10 Historic London Garden Squares…9. Queen Square…


This rectangular-shaped square in Bloomsbury, known for its association with the medical profession, was first laid out in the early 1700s and was named for Queen Anne.

Originally known as Devonshire Square, the space was largely laid out between 1716 and 1725 on land owned by Sir Nathaniel Curzon of Kedlestone and, as with so many of London’s squares, attracted it’s fair share of the well-to-do. Among early residents were several bishops and members of the aristocracy.

Queen-SquareOne of the most interesting early associations with Queen Square is that of King George III and his consort Queen Charlotte. The king – better known to many as ‘Mad King George’ – was treated for mental illness in a house on the square and there’s a tradition that Queen Charlotte, stored some of the food to be consumed by the king during his treatment in the base of what is now the pub known as the Queen’s Larder (see our previous entry on the pub here).

There’s a statue of a queen in the central gardens which was thought to be of Queen Charlotte. Since it was erected in 1775, there has been some confusion over the statue’s identity – it has been thought at different stages to be of Queen Anne, Queen Mary (co-ruler with King William III), and Queen Caroline (consort of King George II) – a fact which has led to some confusion as to which queen the square was named after (although general consensus now seems to be that it was indeed Queen Anne whom the square was named after).

The houses in Queen Square – which was later associated with artists and literary types – were gradually replaced by institutional buildings relating to, among other things, education and the practice of medicine and today it remains a hub for the medical establishment – the National Hospital for Neurology and Neurosurgery and the Royal London Hospital for Integrated Medicine (formerly known as the Royal London Homoeopathic Hospital) are both located on the east side of the square and there are several other medical-related buildings located around it including the former Italian Hospital (Ospedale Italiano) which was founded by Italian businessman Giovanni Battista Ortelli in 1884 for poor Italian immigrants and since about 1990 has been part of the Great Ormond Street Hospital.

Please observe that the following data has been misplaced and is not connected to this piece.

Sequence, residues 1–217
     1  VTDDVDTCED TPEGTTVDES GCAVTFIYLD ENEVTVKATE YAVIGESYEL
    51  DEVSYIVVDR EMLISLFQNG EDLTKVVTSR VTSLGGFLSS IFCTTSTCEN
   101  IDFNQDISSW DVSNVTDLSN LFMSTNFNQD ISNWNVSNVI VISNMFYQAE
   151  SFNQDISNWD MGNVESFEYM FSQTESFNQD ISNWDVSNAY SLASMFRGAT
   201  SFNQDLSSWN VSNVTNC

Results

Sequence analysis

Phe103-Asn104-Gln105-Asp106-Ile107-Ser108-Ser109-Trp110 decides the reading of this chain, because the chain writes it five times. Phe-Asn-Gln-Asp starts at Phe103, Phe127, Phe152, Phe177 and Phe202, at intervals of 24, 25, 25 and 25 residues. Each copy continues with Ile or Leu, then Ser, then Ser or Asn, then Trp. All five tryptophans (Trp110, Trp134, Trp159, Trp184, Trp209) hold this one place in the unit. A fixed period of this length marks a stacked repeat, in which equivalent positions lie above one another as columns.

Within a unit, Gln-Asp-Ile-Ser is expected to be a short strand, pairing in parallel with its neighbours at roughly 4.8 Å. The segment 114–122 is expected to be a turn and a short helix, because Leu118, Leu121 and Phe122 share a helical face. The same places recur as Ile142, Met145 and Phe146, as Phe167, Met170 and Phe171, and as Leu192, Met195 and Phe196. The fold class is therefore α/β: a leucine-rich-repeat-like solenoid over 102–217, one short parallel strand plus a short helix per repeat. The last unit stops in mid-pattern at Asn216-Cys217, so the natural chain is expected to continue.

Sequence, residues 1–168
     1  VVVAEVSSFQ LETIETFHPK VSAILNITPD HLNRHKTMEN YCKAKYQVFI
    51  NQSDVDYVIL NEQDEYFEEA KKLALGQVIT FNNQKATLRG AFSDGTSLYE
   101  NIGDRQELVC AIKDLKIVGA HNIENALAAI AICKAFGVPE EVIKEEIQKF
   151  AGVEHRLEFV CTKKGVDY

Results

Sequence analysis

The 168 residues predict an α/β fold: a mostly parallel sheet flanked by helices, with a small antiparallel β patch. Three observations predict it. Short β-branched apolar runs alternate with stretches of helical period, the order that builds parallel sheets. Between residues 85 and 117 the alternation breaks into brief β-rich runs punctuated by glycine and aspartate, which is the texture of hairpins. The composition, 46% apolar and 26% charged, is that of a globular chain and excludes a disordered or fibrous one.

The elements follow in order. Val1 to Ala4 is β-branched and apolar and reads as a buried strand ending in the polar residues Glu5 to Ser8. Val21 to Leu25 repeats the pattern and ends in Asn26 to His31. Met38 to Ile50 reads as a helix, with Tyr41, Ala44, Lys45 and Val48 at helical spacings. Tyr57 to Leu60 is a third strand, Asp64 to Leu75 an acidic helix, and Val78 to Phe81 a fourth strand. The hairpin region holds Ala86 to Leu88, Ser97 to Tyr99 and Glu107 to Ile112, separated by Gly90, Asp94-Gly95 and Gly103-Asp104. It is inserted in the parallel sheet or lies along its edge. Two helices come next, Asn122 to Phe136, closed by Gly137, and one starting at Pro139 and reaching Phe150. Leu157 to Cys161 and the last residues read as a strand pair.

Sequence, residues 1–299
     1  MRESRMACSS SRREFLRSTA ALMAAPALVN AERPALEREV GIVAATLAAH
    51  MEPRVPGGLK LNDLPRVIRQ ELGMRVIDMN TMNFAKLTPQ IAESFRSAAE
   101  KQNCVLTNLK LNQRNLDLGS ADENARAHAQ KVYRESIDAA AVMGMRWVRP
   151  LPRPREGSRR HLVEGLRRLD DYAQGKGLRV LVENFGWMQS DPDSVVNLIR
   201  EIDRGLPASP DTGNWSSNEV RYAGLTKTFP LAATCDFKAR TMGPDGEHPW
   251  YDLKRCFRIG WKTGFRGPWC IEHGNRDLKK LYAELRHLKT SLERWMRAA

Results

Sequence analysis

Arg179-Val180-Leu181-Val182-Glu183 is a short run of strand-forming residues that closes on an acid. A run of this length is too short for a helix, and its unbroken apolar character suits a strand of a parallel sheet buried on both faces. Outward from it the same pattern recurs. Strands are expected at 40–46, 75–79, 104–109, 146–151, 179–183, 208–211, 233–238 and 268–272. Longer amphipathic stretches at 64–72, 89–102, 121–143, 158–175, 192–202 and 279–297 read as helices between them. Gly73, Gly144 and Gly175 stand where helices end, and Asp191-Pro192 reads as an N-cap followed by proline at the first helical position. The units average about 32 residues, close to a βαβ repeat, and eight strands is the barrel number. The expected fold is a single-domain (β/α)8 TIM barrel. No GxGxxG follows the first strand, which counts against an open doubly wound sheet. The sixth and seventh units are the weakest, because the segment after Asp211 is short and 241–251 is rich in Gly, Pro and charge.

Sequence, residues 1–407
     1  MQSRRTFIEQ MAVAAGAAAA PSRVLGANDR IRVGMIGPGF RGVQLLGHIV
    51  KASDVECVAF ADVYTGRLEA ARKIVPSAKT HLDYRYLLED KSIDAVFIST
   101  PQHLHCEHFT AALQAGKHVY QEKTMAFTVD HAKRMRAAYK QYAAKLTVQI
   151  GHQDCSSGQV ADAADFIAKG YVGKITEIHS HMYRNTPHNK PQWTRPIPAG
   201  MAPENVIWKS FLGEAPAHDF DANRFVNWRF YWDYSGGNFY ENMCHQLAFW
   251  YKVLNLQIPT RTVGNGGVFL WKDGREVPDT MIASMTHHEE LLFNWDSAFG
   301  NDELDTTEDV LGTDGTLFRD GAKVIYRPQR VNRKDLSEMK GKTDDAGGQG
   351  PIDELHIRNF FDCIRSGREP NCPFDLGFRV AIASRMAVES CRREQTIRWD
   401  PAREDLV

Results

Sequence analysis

SamOther prominent buildings located on the square include the Church of St George the Martyr Holborn (number 44) which, built in 1706, predates the square’s formation. The church is known as the ‘sweep’s church’ due to the practice of a parishioner who provided Christmas dinners for 100 chimney sweep apprentices each year.

The gardens themselves are protected by an Act of Parliament passed in the 1830s and the gardens are to this day maintained by trustees appointed under that act. Aside from the statue of the queen, monuments in the gardens include a small plaque commemorating the bomb which landed in the square during a Zeppelin raid in World War I (no one was killed), benches commemorating 16 doctors from the homeopathic hospital who died in the Trident air disaster of 1972, and some lines of poetry on a flower bowl and surrounds by Philip Larkin and Ted Hughes in honor of the Queen’s Silver Jubilee of 1977. Statues include a 2001 bronze of Mother and Child and, (this one we love), a sculpture of Sam the cat, apparently a local resident (pictured)!